ICT and Information

Library Services through Mobile Technology

John Paul Anbu K. (2016)


In the information age, Information and Communication Technologies (ICTs) has been the catalyst in driving enormous change and development in academic institutions. Libraries being the sanctum sanctorum of any institution of higher learning, have always grabbed the opportunity to provide unparalleled initiative and support to the growth of academic institutions. If the invention of Gutenberg’s moveable printing press brought changes to the library by bringing more and more books into the realms of libraries, it is the invention of microprocessors that revolutionized a sea change in libraries. Yang and Li (2016) observe that the prosperity of the Internet and access to the World Wide Web (WWW) especially from the late of 1990s have “completely changed ways of accessing, collecting, organizing, and searching multi-format information in library settings”. They further ascertain that “in this modern information society, the academic library has been an indispensable academic department in the promotion of excellence in teaching and learning in the networked academic learning environment” (Yang and Li, 2016, p. 2).

Keeping the importance of ICT in educational institutions in general and academic libraries in particular, the Association of College and Research Libraries (ACRL) in the United States, through its Research Planning and Review Committee, strives to provide guidelines, standards, and frameworks for many library activities which involve ICT. Fallows and Bhanot (2005) in their book “Quality Issues in ICT-based Higher Education” define ICT as “Information and Communications Technologies represent the coming together of Computers (information technology (IT)) with telecommunications technology”. The convergence of these technologies is what has resulted in the enormous influence which the modern libraries face today. ACRL Research Planning and Review Committee in its 2012 review meeting named Information Technology and Mobile Environment as two of the top ten trends that have been affecting academic libraries and higher education (ACRL Research Planning and Review Committee Report, 2012).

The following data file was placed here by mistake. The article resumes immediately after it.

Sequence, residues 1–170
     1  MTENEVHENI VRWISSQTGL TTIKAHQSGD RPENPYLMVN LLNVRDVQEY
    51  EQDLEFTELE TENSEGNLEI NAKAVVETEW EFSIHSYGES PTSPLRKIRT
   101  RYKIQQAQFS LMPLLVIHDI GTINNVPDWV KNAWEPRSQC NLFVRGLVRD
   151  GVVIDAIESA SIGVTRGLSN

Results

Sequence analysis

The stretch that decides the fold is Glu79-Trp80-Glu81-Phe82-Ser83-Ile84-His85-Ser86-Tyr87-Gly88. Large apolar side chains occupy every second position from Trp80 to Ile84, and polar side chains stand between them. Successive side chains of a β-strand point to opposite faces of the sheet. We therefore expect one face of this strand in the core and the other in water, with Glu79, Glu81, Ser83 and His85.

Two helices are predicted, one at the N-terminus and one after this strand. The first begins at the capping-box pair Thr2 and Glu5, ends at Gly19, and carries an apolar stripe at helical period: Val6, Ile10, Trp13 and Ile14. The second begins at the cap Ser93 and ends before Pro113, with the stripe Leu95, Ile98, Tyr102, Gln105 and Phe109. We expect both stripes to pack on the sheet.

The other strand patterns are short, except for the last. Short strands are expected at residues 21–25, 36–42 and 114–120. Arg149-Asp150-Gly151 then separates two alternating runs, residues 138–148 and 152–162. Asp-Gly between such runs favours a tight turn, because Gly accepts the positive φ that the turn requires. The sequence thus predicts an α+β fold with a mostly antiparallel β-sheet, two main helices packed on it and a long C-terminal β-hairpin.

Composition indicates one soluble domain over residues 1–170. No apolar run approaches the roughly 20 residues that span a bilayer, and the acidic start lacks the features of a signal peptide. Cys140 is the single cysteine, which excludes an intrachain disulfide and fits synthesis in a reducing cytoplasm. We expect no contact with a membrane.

Information and Communication Technologies (ICT):

The word Information which was first referred to in the late Middle English was derived from the Latin noun information. The verb informare means “formation of the mind, teaching”. Information is poly-semantic term which can mean many things. The French mathematician Rene Thom’s (1975) assertion that information as semantic chameleon proves very vital as in any context the word information transforms itself into a catalyst and further enumerate its importance. Merriam Webster’s dictionary defines information as “the communication or reception of knowledge or intelligence”. Knowledge which is widely described as the structured and more organized information which has evolved and developed within the cognitive system of an individual has to pass through the stages of information. Thus information plays an important role in the development of human knowledge.

History shows how humankind developed this unique knowledge from simple data culminating them into information then synthesized them into knowledge. To achieve this process there were several Information Technology tools that human beings used. A quick glance at the availability of Information Technology tools and its progression anyone will agree that its history is as old as the history of human beings. Since most of these technologies were aimed at communicating with either other individuals or to preserve and communicate to the future generation these tools formed an integral part of human endeavor.

The available human records can go as far as 3000BC to show that humanity has used ICTs to its full extent depending on the technology which was available during that specific time. Archaeologists and scientists go further beyond that point to provide illustrations and evidences of the use of similar ICT. The pre-mechanical age which is considered from 3000BC until 1400 AD can be called as the first stage where humanity tried to communicate using their most powerful tool known as language. It started with petroglyphs (drawing with pictures) and culminated to Phoenician alphabets.